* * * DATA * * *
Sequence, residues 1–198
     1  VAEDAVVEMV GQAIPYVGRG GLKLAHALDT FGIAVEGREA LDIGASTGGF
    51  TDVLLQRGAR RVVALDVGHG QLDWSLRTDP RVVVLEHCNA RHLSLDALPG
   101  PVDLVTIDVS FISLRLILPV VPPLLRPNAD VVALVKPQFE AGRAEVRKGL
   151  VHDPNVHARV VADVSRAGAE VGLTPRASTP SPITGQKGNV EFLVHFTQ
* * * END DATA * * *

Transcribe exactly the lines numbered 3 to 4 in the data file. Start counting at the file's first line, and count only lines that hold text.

    51  TDVLLQRGAR RVVALDVGHG QLDWSLRTDP RVVVLEHCNA RHLSLDALPG
   101  PVDLVTIDVS FISLRLILPV VPPLLRPNAD VVALVKPQFE AGRAEVRKGL